CornHarvest_1

My big questions after USDA record yield numbers for corn

Kevin Van Trump shares analysis of the USDA production report released this week.

Corn is pressured lower on massive +3.6 bushel per acre yield increase by the USDA, moving from 171.8 to 175.4. It if holds this will be the highest average yield ever harvested in our nation's history. total U.S. production is pushed to 14.578 billion bushels. Bulls are obviously saying the USDA's  current yield forecast is overstated, but it seems to be falling on deaf ears.

There were huge yield bumps for several important production states: The Indiana and North Carolina yield jumped higher by +8 bushels per acre compared to last month; Illinois, Iowa and Minnesota each jumped higher by +6 bushels per acre; Wisconsin improved by +4 bushels; Colorado, Kentucky, Missouri and South Dakota all improved +3 bushels per acre; Kansas and the Carolina's im[proved by +2 bushels per acre; Tennessee by +1 bushel per acre. The only state that pulled back was Nebraska, where the yield estimate was lowered by -2 bushels per acre.

If there was anything bullish, it was the fact both "feed and residual" and "export" demand were bumped higher by +75 million bushels each. Corn for ethanol was left unchanged at 5.475 billion bushels. Unfortunately, the +150 million bushel bump in total demand was more than offset by the massive bump in yield. In turn, ending stocks are pushed higher from 2.340 billion to 2.487 billion bushels.

Global ending stocks were also bumped higher to 203.9 MMTs. Argentina and Brazilian production was left "unchanged". Ukraine production was lowered from 27 to 25 MMTs, exports from Ukraine were also lowered from 21.5 to 20.5 MMTs. Mexico imports were raised from 15.5 to 16.5 MMTs. South Korean imports were lowered from 10.2 to 9.7. China corn is cut 500,000 tons to 2.5 million.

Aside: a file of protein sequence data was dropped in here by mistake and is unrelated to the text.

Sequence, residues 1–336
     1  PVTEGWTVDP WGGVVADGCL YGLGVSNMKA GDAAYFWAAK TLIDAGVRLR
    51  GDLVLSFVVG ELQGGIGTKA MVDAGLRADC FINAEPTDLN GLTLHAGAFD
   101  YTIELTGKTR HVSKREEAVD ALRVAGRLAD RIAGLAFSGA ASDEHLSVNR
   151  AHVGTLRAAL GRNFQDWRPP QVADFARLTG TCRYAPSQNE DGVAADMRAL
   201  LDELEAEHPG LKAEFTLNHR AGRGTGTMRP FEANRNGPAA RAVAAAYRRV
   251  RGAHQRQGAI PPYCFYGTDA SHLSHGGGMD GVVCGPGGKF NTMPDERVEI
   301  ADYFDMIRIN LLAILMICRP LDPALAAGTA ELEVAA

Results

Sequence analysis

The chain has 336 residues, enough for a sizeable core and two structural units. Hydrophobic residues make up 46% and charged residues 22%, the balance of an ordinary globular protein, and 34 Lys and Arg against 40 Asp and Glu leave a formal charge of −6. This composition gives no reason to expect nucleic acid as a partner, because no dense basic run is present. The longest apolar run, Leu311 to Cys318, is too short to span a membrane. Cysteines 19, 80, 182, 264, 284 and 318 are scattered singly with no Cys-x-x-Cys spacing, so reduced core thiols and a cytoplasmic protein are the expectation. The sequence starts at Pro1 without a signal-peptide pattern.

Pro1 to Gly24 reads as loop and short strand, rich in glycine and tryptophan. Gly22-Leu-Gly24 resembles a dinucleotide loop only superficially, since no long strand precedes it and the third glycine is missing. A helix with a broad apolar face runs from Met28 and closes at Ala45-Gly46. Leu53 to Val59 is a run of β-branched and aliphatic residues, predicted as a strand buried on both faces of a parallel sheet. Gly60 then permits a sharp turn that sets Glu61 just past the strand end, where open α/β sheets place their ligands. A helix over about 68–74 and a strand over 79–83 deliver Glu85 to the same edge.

Bottom-line, record yield being forecast for the U.S. more than offsets the reductions in the global forecast. The U.S. season-average farm price remains unchanged at $3.20 per bushel.

The big question now, will yield continue to move higher into the yearend report? What type of yield estimate will the USDA start with for the 2018 season? This is important with corn acreage thought to be moving slightly higher next year and ending stocks this burdensome.

Without a weather story in South America, a lid could be kept on corn prices for a more extended period. I continue to keep hedges in place, thinking prices will remain in a sideways to lower trend. As I've said for many many weeks, I don't believe the low is yet in place.... A push towards $3.20 is still in the cards. GET ALL MY DAILY AG NEWS HERE

 

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